Aesop's Fables: Townsend (1867)
251. The Fox and the Crane (Perry 426)
A FOX invited a Crane to supper and provided nothing for his entertainment
but some soup made of pulse, which was poured out onto a broad flat stone
dish. The soup fell out of the long bill of the Crane at every mouthful,
and his vexation at not being able to eat afforded the Fox much amusement.
The Crane, in his turn, asked the Fox to sup with him, and set before
her a flagon with a long narrow mouth, so that he could easily insert
his neck and enjoy its contents at his leisure. The Fox, unable even to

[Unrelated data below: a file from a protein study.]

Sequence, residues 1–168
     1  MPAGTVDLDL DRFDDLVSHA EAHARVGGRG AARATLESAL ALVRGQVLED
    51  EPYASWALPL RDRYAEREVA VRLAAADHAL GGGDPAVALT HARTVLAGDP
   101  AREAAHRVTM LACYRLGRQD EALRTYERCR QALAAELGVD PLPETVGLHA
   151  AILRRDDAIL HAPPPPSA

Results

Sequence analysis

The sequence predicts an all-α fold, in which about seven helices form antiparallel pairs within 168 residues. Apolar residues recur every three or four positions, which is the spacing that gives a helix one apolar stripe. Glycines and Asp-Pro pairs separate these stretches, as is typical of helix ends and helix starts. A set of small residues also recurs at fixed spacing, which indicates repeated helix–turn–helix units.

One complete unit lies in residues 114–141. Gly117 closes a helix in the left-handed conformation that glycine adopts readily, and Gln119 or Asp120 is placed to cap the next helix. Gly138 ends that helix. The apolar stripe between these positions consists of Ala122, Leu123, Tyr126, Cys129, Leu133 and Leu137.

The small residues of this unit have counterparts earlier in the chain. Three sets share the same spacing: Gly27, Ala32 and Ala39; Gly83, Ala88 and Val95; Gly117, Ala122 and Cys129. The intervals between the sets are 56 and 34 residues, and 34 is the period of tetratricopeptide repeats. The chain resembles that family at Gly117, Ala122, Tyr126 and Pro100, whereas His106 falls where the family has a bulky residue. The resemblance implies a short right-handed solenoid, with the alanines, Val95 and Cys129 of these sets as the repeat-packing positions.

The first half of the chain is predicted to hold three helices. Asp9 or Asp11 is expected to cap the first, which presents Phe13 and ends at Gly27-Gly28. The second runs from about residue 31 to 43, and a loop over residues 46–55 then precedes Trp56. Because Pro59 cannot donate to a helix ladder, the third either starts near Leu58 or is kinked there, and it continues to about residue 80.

taste it, met with a fitting requital, after the fashion of her own hospitality.
George Fyler Townsend's translation of the fables, first published in 1867, is
in the public domain and can be found at many websites, including Project
Illustrations come from: Aesop's Fables, by George Fyler Townsend, with
illustrations by Harrison Weir, 1867, at Google